Taking children shopping for clothes can be a trying experience for parents and children. On a scale of 1 to 10, this sort of shopping trip can rank a minus 3. You tell your son he needs a shirt, and he picks out pants. You tell him he doesn't have anything to go with electric-green pants, and he insists he wants them anyway.
Show what he does need and he's likely to say, ''You can get it, but I'm not going to wear it.'' Or, ''That's sissy stuff.'' Or, ''But the other kids will laugh at me.''
He might be right. Even though we may pick our children up at school every afternoon and, in the process, see lots of children other than our own, we can miss subtleties of dress that our children are all too aware of.
After many years of frustration and frayed tempers, my husband and I have hit on what, for us, has been a solution to the shopping problem.
We make a list of exactly what our son Morris needs. We allot an appropriate amount of money for these items. Then we turn him loose to do his own shopping. (We hold the money!)
He picks out his own clothes, because he knows better than we do what he wants and what he'll enjoy wearing. We check them only for fit. As long as what he selects is in his price range and isn't actually dreadful, we let him have it.
The last time we took him shopping he needed a pair of sneakers, several pairs of socks, two pairs of pants, and two shirts. We told him how much money he'd be able to spend.
We also gave him his choice of stores, explaining that he could get more clothes for his money at a discount store, but that the quality was likely to be better at a medium-price department store. He chose the department store.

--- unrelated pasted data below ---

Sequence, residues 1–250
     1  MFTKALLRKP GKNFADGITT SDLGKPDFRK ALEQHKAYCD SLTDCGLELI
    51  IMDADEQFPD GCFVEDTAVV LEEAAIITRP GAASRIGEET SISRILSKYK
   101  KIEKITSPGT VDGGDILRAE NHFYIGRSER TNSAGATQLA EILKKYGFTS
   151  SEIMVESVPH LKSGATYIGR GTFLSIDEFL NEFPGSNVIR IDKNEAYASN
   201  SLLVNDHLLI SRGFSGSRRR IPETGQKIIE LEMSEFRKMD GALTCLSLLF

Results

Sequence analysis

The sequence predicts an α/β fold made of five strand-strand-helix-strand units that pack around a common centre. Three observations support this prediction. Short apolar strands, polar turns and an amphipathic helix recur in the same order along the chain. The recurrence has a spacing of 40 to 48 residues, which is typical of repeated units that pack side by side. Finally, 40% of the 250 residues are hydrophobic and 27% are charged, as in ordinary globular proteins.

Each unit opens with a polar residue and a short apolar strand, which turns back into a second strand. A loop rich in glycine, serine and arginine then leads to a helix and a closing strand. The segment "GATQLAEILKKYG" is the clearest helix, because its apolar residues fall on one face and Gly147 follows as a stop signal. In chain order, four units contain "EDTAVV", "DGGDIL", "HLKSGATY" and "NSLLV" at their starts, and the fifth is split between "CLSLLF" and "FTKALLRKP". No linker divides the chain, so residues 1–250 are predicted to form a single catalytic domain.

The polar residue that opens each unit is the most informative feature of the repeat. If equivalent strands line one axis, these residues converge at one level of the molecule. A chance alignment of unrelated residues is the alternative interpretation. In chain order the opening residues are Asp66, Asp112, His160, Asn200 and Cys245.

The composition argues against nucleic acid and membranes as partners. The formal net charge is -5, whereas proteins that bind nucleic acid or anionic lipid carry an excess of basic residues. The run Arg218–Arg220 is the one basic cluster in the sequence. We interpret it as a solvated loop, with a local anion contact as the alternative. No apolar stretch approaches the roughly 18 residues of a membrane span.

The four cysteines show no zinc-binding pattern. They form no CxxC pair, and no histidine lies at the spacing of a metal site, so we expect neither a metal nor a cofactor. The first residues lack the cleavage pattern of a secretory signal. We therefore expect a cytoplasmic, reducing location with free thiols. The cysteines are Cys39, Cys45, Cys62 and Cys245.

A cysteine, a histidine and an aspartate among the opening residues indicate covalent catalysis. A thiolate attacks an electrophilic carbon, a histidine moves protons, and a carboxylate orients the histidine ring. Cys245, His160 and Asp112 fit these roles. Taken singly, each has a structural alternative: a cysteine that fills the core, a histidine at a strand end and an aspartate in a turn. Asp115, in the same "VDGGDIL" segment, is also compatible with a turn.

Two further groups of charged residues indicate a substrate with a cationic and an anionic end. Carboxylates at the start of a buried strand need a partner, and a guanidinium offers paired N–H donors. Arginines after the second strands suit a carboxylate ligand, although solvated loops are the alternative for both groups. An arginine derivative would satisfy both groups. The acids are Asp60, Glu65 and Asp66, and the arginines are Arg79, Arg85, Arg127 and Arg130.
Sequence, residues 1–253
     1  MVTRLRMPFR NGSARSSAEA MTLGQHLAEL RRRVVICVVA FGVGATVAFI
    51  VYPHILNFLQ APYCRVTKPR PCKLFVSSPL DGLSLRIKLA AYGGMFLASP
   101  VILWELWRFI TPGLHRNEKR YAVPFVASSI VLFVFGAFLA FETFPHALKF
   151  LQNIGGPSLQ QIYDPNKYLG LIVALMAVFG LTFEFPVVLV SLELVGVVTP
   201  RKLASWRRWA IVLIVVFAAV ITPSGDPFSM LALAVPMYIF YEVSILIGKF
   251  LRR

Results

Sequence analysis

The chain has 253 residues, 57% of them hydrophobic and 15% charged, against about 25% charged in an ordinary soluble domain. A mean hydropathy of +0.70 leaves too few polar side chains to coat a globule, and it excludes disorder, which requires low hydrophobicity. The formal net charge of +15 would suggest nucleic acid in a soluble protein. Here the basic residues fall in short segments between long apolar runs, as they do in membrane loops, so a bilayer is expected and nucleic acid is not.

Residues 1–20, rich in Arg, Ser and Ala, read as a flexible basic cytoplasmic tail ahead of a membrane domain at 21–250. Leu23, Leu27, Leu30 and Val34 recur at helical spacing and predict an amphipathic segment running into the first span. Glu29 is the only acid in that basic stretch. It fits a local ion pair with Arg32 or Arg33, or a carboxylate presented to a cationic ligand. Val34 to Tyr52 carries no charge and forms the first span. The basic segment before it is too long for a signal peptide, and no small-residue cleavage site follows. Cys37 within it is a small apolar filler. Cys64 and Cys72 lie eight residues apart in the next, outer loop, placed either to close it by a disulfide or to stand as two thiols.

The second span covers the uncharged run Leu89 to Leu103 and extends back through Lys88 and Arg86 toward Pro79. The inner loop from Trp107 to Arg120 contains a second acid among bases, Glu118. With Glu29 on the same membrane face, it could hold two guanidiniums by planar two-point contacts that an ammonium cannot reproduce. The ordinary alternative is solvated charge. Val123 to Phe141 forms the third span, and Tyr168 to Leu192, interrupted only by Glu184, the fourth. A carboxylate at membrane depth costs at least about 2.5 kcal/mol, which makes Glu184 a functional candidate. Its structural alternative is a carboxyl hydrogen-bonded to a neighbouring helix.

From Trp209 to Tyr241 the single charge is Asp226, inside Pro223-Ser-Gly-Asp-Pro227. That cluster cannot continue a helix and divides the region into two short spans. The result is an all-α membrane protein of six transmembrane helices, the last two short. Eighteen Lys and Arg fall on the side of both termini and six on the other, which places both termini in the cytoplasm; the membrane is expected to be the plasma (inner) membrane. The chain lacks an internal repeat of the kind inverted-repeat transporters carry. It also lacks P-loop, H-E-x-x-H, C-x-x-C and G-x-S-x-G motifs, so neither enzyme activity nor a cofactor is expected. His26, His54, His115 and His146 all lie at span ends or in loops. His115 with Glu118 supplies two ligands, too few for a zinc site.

He found his sneakers and socks first, and spent almost 40 percent of his money on them.
Next he picked out a pair of pants and two shirts, which used up the rest of his money. The pair of pants he had chosen left a lot to be desired - for us, anyway. They were a color I can best describe as a day-glow yellow. If he were a large child, he could probably have passed for a school bus in them.
''But you need two pairs of pants,'' I said. ''This pair is too expensive.''
''You said I could pick my own clothes,'' he reminded me. ''Besides, I don't see any others I like.''
''But you haven't looked at all of them.''
''Yes, I have.''
I made one last stab at it. ''But Morris, I don't think you have anything these pants will go with.''
''I have lots of stuff they'll go with,'' he insisted. (It turned out he was right.)
''But if you get these, you won't have enough money for another pair, too,'' my husband said.
''I'll get by without another pair.''
We agreed to let him have them, if he would promise not to complain later. He promised.
And he kept his word. What's more, he's thoroughly enjoyed his day-glow-yellow pants. I'd never have picked them out if I had been doing his shopping - and he'd never have gotten to enjoy them.
We've been letting Morris do his own shopping since he was 11. He's 14 now, and we've found that this frees us from a lot of hassles. It has also helped him learn some lessons.
He's learned how to make decisions and stick to them. He's learned to compare price and quality. (I've often wondered what the sales clerks must think when he drops a price tag in horror and says, ''No way!'') And he's learned to budget. All of these are useful lessons.
As a bonus, we no longer have a closet filled with two kinds of clothes: worn out and untouched. He enjoys all of his clothes now, not just some of them.
Shopping with him for his clothes still won't rank higher on the scale than maybe a 5 or 6 (but then I don't enjoy shopping for my clothes, either). But it's a lot better and a lot more pleasant for all of us than it used to be.